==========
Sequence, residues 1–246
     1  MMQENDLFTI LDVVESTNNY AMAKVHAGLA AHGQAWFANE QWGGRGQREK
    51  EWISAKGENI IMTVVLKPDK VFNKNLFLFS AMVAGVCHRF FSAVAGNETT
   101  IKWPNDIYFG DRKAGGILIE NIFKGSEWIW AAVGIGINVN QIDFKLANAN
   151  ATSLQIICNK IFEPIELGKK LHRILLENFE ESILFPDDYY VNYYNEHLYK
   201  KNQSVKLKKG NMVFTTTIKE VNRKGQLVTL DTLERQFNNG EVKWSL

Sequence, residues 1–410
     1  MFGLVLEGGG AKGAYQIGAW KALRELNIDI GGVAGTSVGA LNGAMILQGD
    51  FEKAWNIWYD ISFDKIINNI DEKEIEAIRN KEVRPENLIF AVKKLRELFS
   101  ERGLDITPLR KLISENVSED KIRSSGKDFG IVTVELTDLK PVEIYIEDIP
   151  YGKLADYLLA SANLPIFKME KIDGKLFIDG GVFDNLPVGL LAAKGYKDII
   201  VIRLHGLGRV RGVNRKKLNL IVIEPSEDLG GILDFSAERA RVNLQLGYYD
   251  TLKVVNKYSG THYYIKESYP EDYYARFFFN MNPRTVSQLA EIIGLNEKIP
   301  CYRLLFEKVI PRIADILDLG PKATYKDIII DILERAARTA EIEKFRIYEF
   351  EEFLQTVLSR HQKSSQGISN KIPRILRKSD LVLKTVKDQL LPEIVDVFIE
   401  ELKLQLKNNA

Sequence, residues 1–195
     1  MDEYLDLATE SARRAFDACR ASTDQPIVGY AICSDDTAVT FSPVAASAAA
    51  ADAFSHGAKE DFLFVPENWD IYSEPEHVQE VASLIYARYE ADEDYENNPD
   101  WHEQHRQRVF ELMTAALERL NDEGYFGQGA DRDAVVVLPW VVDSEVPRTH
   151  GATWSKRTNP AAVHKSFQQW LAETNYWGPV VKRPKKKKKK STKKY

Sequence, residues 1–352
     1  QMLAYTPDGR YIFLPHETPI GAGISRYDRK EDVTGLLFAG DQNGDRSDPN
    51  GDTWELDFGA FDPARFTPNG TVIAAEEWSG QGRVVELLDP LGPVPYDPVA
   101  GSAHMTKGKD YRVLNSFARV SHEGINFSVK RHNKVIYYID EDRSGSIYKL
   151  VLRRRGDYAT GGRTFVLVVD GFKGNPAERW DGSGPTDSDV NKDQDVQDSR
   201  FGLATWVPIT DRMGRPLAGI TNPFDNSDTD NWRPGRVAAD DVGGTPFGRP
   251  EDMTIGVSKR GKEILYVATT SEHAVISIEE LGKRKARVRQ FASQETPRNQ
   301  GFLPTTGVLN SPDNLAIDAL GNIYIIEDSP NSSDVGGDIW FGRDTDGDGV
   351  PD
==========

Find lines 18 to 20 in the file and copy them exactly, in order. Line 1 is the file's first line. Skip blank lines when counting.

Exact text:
     1  MDEYLDLATE SARRAFDACR ASTDQPIVGY AICSDDTAVT FSPVAASAAA
    51  ADAFSHGAKE DFLFVPENWD IYSEPEHVQE VASLIYARYE ADEDYENNPD
   101  WHEQHRQRVF ELMTAALERL NDEGYFGQGA DRDAVVVLPW VVDSEVPRTH